Mandatory: Consent education will be taught in all schools from next year | The Examiner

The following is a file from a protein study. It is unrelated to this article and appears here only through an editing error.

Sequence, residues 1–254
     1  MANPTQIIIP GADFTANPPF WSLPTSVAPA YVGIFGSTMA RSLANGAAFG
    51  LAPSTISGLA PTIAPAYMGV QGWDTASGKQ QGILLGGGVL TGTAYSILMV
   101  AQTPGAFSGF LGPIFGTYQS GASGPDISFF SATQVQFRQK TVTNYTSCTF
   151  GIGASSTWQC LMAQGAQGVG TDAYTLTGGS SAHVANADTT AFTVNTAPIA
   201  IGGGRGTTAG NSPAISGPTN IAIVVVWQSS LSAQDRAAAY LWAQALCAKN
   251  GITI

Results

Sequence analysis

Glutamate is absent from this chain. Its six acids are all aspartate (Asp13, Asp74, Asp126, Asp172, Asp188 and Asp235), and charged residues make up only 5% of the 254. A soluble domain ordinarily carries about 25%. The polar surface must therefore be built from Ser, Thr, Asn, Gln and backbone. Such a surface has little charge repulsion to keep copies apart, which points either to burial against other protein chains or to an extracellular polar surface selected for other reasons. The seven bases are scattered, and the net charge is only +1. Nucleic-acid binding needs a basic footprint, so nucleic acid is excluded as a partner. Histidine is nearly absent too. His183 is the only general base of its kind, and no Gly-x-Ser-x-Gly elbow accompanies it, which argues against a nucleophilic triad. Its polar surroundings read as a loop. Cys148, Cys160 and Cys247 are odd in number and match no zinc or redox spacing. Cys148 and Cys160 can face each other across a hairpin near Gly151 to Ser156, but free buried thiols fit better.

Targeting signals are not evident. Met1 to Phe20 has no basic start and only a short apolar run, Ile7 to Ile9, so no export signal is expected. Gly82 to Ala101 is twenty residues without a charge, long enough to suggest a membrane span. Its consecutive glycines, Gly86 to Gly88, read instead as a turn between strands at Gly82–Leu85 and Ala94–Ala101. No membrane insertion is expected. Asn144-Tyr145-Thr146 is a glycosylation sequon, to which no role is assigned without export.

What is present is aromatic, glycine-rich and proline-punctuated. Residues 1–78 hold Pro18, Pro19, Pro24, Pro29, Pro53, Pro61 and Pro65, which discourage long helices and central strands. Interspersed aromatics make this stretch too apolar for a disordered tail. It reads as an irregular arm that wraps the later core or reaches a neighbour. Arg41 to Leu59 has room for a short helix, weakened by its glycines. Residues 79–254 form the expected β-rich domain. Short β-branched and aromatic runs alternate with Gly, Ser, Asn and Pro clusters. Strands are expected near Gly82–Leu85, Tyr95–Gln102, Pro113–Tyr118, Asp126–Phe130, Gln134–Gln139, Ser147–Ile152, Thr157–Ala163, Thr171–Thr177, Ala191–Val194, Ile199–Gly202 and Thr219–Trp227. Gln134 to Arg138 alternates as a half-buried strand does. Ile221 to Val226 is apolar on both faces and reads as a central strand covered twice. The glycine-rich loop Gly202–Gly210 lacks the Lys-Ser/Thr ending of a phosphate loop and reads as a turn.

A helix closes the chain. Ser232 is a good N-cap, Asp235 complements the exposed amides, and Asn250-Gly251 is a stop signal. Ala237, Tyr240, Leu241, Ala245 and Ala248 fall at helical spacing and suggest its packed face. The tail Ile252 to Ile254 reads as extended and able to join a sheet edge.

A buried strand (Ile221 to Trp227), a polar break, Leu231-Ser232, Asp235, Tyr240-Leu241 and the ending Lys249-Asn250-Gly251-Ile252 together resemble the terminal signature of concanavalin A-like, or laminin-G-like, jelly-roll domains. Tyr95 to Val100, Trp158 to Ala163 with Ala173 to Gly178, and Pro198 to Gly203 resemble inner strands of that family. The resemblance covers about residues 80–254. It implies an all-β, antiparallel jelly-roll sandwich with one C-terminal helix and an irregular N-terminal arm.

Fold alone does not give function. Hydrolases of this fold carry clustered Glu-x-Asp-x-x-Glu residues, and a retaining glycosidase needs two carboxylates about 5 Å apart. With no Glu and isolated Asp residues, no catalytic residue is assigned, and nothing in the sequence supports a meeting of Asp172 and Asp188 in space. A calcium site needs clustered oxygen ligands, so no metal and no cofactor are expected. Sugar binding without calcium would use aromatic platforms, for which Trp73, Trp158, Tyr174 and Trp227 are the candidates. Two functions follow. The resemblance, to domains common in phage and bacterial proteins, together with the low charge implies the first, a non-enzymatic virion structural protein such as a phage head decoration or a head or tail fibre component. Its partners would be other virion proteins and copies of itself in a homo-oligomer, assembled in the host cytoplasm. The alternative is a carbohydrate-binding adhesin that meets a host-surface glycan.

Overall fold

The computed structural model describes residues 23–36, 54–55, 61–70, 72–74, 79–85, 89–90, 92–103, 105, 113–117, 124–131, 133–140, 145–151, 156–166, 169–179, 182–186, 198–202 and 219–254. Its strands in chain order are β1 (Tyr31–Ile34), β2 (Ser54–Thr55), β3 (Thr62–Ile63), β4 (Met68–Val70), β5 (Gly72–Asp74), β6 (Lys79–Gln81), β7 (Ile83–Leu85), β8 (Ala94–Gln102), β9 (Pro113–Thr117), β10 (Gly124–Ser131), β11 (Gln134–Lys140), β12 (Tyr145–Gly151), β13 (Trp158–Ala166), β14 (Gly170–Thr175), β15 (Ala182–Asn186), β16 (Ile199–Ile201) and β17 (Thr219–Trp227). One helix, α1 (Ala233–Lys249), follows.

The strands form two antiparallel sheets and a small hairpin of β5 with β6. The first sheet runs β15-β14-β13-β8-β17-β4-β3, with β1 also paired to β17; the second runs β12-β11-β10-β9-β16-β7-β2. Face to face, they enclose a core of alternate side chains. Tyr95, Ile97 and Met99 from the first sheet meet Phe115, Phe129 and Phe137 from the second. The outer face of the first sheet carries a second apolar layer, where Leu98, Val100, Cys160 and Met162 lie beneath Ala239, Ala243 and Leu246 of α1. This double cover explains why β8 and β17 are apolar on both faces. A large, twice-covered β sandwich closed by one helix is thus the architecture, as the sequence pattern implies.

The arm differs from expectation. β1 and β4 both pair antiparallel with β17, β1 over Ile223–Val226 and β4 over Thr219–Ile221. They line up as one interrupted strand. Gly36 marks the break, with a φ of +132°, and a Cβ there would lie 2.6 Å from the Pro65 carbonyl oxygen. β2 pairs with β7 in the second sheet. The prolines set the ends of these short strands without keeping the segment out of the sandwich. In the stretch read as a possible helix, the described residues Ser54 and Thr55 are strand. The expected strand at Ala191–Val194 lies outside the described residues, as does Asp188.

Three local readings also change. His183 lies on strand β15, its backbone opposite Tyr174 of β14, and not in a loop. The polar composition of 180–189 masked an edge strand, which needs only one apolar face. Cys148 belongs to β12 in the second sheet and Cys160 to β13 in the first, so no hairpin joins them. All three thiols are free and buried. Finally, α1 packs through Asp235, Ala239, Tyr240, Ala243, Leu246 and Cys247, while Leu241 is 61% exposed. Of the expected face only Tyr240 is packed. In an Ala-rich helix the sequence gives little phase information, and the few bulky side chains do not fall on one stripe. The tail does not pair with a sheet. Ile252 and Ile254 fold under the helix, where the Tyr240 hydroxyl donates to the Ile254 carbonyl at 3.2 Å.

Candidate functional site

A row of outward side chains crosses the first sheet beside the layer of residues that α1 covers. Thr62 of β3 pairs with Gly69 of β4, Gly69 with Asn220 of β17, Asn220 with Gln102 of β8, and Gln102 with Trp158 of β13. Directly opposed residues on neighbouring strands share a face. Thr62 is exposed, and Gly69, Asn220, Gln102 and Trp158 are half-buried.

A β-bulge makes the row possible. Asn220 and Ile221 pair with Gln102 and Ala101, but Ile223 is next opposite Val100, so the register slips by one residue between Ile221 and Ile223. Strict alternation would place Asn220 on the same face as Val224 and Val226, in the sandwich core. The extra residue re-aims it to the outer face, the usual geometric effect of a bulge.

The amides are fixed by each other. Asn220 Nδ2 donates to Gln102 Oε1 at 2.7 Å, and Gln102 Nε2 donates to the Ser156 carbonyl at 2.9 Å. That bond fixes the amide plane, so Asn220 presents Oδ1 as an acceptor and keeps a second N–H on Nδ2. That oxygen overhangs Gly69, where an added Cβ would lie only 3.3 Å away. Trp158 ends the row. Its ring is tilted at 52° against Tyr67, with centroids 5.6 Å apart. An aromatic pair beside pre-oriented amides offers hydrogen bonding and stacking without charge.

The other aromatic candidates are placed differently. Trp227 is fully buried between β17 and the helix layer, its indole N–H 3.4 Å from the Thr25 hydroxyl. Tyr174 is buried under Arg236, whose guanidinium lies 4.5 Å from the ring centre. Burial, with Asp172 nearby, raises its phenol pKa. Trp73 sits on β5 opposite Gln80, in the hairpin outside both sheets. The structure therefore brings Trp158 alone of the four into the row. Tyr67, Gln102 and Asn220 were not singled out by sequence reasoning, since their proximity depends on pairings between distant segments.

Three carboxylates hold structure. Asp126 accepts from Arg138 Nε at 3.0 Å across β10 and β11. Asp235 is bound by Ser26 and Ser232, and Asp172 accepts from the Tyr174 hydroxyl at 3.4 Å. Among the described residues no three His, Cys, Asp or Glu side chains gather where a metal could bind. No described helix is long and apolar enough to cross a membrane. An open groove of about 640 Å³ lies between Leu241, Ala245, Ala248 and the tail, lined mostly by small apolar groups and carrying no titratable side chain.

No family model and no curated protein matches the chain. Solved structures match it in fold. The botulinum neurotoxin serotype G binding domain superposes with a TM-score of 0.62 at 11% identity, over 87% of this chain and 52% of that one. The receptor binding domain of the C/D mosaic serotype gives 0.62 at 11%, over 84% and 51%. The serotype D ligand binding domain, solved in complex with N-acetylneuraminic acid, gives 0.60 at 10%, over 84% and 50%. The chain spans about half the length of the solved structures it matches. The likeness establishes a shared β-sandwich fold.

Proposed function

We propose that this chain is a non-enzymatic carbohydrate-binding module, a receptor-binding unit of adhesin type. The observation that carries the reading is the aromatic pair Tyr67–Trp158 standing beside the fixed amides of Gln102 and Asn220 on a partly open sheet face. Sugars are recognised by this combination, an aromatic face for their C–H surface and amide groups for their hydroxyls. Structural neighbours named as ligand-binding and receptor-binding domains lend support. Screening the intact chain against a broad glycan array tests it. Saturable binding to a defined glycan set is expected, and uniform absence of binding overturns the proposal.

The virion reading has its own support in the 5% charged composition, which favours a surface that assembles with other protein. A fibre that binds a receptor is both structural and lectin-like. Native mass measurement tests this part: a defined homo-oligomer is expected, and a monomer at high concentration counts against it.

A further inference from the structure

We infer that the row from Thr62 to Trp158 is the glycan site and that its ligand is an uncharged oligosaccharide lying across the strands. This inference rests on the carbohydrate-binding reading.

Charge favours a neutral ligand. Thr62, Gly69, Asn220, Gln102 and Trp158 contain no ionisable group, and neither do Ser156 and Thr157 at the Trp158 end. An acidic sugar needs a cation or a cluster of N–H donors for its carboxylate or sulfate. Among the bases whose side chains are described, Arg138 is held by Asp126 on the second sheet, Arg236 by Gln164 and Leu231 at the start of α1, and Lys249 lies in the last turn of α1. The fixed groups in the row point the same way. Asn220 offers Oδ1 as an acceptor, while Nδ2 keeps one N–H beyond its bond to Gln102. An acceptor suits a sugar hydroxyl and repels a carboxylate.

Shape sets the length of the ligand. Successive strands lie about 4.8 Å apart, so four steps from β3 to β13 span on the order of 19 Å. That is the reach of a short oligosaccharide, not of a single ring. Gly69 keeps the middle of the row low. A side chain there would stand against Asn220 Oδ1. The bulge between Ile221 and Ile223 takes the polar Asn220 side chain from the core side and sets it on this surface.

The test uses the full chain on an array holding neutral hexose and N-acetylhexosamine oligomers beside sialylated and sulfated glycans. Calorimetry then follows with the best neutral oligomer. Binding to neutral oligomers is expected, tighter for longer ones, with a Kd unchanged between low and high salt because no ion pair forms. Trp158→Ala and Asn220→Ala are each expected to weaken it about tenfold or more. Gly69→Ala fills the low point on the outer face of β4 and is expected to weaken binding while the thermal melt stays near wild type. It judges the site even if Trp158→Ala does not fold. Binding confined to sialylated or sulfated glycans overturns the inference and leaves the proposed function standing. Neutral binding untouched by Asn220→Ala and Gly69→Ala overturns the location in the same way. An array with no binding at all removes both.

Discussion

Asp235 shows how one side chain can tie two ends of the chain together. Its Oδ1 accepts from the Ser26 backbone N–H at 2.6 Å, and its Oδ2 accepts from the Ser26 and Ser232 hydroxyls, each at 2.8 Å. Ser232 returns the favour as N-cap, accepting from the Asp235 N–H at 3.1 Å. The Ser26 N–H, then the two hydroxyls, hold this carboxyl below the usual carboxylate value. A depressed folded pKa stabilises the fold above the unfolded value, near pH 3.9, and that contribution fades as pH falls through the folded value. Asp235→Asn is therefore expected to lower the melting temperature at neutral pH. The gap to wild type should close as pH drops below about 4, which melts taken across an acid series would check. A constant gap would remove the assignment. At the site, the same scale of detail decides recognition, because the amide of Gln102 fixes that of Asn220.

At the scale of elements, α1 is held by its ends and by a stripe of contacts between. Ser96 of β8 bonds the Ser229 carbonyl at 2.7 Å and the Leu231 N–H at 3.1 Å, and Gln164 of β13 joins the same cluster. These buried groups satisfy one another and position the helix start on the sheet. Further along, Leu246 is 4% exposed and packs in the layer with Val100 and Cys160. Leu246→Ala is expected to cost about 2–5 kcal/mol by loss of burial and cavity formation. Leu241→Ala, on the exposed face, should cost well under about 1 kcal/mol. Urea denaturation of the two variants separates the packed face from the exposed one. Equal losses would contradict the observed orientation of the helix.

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Consent will be a key part of the school health agenda next year after state and federal education ministers unanimously agreed to make consent-based education mandatory from 2023. The decision was confirmed by Senator Jonathon Duniam on behalf of Federal Education Minister Dan Tehan in Senate Estimates Thursday. Mother Helen Mundy welcomed the move, but said any changes to the program would have to be made from a “trauma-informed lens”. “To me, trauma-informed consent means promoting empowerment…so that students can move from being a place of silence to being able to challenge misconceptions about what is and isn’t consent,” said she declared. Ms Mundy, who is the president of the Parents and Caregivers Association at Wagga High School, based in Riverina in New South Wales, said consistency in public and private school curricula will be important. “We try to educate the community as a whole, not just the kids in one group,” she said. “Because the whole issue is that…domestic violence, consent issues and sexual assault issues affect the whole community.” Wagga Christian College principal Phillip Wilson said he was waiting to see details of the program change, which would be released after the education ministers meeting in April. IN OTHER NEWS: He said his school already teaches consent in physical education and health classes, as well as ethics and Christian studies classes. “That includes what relationships look like, what we think is an appropriate way to approach relationships, and what happens when relationships aren’t working out really well,” Wilson said. “At the moment, I don’t see how that changes anything, because we’re already seeing that consent is such an important part of relationships. “For us…it’s about sharing some of those stories and giving people the means to talk about what meaningful relationships look like. The push to make consent a mandatory subject in schools was led by former Sydney Private School pupil Chanel Contos. In February 2021, Ms Contos was inundated with responses to an Instagram poll asking followers if they or someone they knew had been sexually assaulted ‘by someone who went to an all boys’ school.’ The poll led Ms Contos to start the ‘Teach Us Consent’ petition which has received more than 44,000 signatures and 6,700 people sharing their stories of sexual assault.In an Instagram post, Ms. Contos said the new program “will incorporate comprehensive consent education, including an understanding of gender stereotypes, coercion and power imbalances”.



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